The Heartland intermodal corridor: public private partnerships and the transformation of institutional settings.
Monios, Jason; Lambert, Bruce
This paper examines the development process of the HeartlandIntermodal Corridor from Norfolk, Virginia to Columbus, Ohio in the United States, opened in September 2010. The aim of the project was to decrease transport costs and increase competitiveness for peripheral regions such as West Virginia by upgrading existing branch lines to double-stack capacity and building new intermodal terminals.
The paper develops a theoretical framework for institutional analysis, combining the overall institutionalsetting with the roles of individual actors confronting a collective action problem. Results suggest that the project represents an observable trend in freight funding policy in the United States, moving away from congressional earmarks which have been criticised in the past for their subjective nature, and towards a more transparent, bid-based system. Findings from the research demonstrate that the institutionalsetting has been transformed, moving towards a reconciliation between top-down planning approaches and market-driven private sector development. Furthermore, encouragement of multi-state public–private consortia will potentially make it easier to develop national corridors that can support new markets, while generating both public and private benefits.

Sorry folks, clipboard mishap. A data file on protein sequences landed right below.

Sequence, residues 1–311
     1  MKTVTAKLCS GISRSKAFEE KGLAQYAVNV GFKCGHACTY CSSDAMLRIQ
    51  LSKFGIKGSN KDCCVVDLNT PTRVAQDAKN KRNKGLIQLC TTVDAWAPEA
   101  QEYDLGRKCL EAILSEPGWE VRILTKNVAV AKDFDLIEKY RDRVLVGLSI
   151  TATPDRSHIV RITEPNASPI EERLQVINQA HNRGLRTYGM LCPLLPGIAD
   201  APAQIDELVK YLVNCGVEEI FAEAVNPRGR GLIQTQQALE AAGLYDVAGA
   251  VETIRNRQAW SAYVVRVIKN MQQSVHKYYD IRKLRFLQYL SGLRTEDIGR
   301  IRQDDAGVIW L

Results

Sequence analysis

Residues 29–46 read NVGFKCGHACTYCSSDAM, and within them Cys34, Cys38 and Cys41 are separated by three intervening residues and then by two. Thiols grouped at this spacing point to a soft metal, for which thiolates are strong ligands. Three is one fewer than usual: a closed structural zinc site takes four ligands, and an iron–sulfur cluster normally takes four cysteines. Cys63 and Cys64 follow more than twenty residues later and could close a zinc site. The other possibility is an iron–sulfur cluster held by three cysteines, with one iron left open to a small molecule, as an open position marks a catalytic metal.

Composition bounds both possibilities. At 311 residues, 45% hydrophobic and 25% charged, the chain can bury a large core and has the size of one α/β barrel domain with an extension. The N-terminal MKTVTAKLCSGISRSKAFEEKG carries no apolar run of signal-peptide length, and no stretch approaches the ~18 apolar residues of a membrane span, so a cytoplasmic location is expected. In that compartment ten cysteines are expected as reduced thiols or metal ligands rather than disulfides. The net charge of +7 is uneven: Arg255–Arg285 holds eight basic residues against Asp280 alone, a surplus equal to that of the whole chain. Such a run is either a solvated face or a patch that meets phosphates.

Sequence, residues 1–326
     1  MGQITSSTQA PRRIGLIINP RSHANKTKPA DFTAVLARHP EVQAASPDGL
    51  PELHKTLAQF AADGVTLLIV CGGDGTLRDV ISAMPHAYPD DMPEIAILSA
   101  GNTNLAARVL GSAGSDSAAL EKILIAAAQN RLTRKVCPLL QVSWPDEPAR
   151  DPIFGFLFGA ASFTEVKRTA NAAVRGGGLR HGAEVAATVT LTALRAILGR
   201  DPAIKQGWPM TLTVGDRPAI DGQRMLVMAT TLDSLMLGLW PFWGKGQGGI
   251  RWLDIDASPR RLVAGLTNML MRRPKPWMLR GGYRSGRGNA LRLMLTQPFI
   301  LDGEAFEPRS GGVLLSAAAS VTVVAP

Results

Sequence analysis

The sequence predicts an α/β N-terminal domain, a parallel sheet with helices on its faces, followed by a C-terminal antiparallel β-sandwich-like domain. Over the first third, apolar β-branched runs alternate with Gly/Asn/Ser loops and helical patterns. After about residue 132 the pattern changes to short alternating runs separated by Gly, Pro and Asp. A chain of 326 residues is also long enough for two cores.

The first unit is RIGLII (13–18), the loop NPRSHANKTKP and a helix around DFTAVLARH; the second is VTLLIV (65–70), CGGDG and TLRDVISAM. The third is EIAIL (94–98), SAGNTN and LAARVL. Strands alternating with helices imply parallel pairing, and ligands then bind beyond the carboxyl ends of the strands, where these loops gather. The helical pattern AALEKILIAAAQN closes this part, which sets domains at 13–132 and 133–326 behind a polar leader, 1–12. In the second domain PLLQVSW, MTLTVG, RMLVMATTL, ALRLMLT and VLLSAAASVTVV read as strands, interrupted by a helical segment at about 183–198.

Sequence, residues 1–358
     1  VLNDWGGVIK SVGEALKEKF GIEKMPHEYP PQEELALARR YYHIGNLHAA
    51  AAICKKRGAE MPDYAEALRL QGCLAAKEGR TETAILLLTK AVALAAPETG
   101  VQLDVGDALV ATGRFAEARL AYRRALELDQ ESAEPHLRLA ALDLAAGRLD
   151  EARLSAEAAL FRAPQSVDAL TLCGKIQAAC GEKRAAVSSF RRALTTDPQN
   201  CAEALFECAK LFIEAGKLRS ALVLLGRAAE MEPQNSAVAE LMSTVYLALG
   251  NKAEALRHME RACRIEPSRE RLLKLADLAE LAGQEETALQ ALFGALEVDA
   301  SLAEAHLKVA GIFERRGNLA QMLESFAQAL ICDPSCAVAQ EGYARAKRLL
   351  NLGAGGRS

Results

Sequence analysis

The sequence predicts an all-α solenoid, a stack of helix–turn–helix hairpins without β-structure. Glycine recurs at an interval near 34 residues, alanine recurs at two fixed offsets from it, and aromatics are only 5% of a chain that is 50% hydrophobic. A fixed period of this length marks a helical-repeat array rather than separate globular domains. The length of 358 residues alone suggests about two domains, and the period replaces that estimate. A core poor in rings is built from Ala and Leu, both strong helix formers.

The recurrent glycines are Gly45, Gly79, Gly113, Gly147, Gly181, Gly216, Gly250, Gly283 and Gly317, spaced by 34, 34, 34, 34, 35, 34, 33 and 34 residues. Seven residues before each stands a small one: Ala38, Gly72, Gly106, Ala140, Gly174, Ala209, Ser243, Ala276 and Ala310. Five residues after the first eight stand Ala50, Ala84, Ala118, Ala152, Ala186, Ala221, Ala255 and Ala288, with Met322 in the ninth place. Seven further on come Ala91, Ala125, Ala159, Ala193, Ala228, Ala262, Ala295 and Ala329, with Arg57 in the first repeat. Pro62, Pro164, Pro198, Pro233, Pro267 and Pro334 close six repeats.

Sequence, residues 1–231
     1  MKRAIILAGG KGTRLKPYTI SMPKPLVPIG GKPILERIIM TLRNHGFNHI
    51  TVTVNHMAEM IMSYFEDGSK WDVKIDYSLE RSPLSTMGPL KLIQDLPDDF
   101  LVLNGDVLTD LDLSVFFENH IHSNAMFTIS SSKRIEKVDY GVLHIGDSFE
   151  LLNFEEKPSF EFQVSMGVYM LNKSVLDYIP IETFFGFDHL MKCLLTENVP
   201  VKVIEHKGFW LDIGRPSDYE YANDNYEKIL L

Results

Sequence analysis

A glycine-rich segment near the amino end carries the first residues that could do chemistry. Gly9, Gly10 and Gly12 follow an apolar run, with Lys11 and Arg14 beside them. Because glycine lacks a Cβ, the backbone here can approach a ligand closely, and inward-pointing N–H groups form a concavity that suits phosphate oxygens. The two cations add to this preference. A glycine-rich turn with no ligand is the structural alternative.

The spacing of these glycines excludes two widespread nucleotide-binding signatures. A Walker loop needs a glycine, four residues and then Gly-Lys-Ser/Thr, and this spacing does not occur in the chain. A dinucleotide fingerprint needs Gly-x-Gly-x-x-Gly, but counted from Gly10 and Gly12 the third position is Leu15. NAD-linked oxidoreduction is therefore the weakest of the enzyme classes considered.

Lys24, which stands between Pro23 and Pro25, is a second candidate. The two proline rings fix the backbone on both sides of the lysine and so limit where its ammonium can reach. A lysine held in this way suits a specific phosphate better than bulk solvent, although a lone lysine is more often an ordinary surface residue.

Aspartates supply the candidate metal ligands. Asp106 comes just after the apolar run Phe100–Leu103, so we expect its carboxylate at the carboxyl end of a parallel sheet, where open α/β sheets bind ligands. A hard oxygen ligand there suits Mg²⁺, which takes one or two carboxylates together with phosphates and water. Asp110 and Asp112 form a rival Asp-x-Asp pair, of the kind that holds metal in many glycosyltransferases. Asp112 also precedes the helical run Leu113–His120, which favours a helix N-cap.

Monios, J., & Lambert, B. (2013). The Heartland intermodal corridor: public private partnerships and the transformation of institutional settings. Journal of Transport Geography, 27, 36-45. https://doi.org/10.1016/j.jtrangeo.2012.03.015
|Journal Article Type||Article|
|Deposit Date||Sep 24, 2012|
|Publicly Available Date||May 16, 2017|
|Peer Reviewed||Peer Reviewed|
|Keywords||Institutional thickness; Governance; Intermodal; Hinterland; Corridor; Peripheral|
The Heartland Intermodal Corridor - Public Private Partnerships and the transformation of institutional settings..pdf
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